“I brought a book!” he said proudly, small smile beaming.
“That’s great! Do you want to read it now or when we get on the bus?”
“Now…” he responded a little sheepishly.
So my new favorite kid plopped down on the bench next to me, pulled a book out of his backpack and I began to read.
As Arthur the ardvark and his family explored New York City, L got more and more excited. Unable to contain his enthusiasm for the plot, he said, “Just wait till you see what she does!” as he pointed to DW.
*Spoiler alert* DW runs away.
As I wrapped up the book, the bus pulled up and we boarded togther, riding home and chatting about his day.
The following week I ran into him during library class. “I’m getting this book so we can read it.”
Harold and the Purple Crayon Under the Sea, here we come! We’ve also read excerpts from one of the Diary of a Wimpy Kid books, and the first 8 pages of a book way beyond his level but that he expressly brought from home to read with me entitled, Magic the Gathering: Time Spiral.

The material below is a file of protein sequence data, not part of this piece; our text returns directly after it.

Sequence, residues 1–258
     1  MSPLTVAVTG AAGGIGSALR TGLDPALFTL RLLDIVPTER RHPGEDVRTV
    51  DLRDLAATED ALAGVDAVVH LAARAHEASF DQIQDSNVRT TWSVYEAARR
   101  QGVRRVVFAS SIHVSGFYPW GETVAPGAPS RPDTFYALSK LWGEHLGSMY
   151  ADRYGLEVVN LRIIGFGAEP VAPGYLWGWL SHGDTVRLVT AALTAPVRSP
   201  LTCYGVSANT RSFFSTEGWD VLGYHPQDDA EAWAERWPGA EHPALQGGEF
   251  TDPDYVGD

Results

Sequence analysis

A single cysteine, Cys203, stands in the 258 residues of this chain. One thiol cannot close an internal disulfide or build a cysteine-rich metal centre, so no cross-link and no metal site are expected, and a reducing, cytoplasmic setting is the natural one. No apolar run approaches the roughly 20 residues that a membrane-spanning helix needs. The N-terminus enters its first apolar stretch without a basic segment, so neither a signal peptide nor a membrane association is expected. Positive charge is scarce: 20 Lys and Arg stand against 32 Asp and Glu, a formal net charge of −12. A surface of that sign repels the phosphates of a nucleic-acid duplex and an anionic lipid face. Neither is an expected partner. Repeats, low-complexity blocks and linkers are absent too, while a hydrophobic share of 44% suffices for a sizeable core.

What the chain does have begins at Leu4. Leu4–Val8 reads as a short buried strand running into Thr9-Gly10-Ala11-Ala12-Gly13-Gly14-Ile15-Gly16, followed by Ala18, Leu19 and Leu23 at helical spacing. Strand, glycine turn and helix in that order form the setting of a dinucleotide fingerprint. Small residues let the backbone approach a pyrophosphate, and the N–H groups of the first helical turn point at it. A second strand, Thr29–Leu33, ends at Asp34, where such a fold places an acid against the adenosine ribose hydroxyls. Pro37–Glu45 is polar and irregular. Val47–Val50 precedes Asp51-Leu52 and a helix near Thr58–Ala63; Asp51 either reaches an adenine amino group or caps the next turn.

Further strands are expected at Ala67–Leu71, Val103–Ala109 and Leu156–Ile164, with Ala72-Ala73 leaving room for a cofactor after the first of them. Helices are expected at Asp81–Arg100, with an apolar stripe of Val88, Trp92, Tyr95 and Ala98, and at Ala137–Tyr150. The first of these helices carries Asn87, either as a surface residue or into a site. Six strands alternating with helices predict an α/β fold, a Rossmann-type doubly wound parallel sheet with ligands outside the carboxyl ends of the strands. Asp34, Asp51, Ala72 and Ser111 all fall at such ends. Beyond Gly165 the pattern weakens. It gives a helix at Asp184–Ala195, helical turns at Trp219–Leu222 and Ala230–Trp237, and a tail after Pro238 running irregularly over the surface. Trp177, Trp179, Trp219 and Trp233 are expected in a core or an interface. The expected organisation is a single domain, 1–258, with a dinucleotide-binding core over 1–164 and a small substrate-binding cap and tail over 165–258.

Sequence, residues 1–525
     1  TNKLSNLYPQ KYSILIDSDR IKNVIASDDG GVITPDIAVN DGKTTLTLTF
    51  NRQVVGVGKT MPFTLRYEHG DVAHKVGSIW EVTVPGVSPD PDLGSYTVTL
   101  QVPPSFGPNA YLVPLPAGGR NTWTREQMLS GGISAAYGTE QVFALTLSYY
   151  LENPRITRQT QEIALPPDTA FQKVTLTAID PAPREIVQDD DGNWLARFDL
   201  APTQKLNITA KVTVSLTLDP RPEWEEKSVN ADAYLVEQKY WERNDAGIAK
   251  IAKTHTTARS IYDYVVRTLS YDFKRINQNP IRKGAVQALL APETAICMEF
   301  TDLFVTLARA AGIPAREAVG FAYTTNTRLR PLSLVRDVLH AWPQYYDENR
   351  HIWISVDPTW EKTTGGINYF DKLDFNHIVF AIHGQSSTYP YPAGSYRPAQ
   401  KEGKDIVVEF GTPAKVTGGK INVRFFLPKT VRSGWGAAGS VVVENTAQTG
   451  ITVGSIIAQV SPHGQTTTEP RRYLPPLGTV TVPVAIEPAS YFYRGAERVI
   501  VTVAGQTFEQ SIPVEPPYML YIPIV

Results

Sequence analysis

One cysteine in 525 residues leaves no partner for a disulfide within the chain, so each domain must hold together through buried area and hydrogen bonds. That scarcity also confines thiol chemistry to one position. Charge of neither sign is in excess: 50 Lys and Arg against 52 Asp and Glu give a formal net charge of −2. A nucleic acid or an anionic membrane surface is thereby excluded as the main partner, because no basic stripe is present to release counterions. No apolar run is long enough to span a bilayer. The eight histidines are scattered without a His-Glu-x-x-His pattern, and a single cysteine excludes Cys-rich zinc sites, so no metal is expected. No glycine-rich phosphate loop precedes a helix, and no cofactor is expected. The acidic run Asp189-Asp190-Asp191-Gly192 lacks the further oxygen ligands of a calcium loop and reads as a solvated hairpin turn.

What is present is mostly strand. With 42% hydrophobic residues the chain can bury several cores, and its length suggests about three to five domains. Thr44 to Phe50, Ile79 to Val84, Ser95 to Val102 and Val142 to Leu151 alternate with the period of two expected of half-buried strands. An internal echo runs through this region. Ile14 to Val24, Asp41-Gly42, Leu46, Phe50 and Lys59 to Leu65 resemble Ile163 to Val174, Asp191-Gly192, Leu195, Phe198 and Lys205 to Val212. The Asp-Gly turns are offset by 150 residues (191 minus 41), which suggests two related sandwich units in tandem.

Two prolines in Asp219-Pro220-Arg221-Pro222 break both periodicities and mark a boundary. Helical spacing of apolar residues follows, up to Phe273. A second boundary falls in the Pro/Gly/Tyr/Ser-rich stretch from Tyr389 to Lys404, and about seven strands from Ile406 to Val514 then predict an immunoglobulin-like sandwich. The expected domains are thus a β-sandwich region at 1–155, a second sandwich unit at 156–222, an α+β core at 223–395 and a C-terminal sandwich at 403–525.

L is a third grader at my school, a little old for his grade but as adorable and curious as a third grader could be. He has excellent social skills, able to befriend adults and charm them readily. He loves figuring things out. He rides the MBTA bus home every day by himself, capable of navigating all by himself.
He arrived from Cape Verde about two years ago and hadn’t been to much school so he was placed in first grade. So his English is still developing and it seems like he may have missed a few lessons. We do a math puzzle where he has to calculate what time the bus will arrive based on how long I tell him it will take. “It’s 4:45 and the bus will arrive in 7 minutes. When is it going to get here?” This puzzle is very hard. But he really seems to enjoy it and has started asking so he can figure it out. We often look things up on my phone. Harold of Purple Crayon fame has a dog named Lilac (adults think they’re clever) so we looked up the word on my phone. He told me about his favorite Cape Verdean dish, so we found pictures of the stew on my phone.
He has so many skills and so much curiousity. Will that be sufficient to help him navigate a system stacked against him? He lives really close to my house and it is tempting to stop by during April break just to check in and read a book. But I don’t know his address and am trying to resist the white savior suit that is so easy to slip on.